The Memory Wood by Sam Lloyd

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The Memory Wood by Sam Lloyd

Post by JustinHorton » Sun Feb 16, 2020 3:23 pm

Jon Manley brings this review to our attention:
Equally atmospheric is Sam Lloyd’s first novel, The Memory Wood (Bantam, £12.99). Abducted from a chess tournament in Bournemouth, 13-year-old prodigy Elissa is imprisoned in a cellar in a house in the mysterious “Memory Wood”, where she is visited by strange, lonely Elijah. He isn’t quite all there, but Elissa is clever and resourceful beyond her years – just as well, because although Elijah is desperate to keep his new friend she must persuade him to help her escape by indulging his Hansel & Gretel fantasy while putting the strategies and gambits of the chessboard to good use. DS Mairéad McCullagh’s investigation makes a serviceable parallel narrative, and the villains are Stephen King-lite, but what makes this book special is the marvellously executed subterranean power game. Superbly creepy, with an unexpected twist, this is a very grim modern fairytale.
Jon adds: "Surely a nom de plume?"

Maybe so, but the Amazon author page carries a photo (oddly, not on his publisher's page). Is he known to this community?
"Do you play chess?"
"Yes, but I prefer a game with a better chance of cheating."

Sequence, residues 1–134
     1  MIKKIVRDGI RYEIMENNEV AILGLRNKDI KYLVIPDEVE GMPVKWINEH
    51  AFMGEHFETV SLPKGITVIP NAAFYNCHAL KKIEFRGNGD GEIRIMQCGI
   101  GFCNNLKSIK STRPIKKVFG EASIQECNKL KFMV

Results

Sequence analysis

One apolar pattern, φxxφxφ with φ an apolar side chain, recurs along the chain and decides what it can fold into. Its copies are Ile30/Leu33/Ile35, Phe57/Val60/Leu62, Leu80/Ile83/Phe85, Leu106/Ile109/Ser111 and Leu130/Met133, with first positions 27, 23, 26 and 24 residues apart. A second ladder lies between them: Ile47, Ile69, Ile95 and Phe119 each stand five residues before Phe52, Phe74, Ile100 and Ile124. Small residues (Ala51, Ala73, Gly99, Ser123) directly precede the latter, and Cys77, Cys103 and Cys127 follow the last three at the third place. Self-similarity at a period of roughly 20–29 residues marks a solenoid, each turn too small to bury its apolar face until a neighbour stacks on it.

John McKenna
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Re: The Memory Wood by Sam Lloyd

Post by John McKenna » Sun Feb 16, 2020 7:06 pm

At first I thought it was a novel by Sam Loyd the problemist.

No, it's contemporary and the author lives in Surrey with two 'l's.

The nearest I get to a novel these days is usually via the cinema.

I recently saw - ... rfield-pg/


"Dickens had a great interest in chess. He wrote a selection called Chess Chat (mostly chess history) in his diaries (see All the Year Around, Vol 13, 1865) and he had a nice section on chess in his Dictionary of London, 1879. In this book, he lists all the chess clubs and chess magazines of London." ... es-dickens

PS Apologies, old chap, for brusquely imposing a polemical zwischenzug on you elsewhere "in the community".
To find a for(u)m that accommodates the mess, that is the task of the artist now. (Samuel Beckett)

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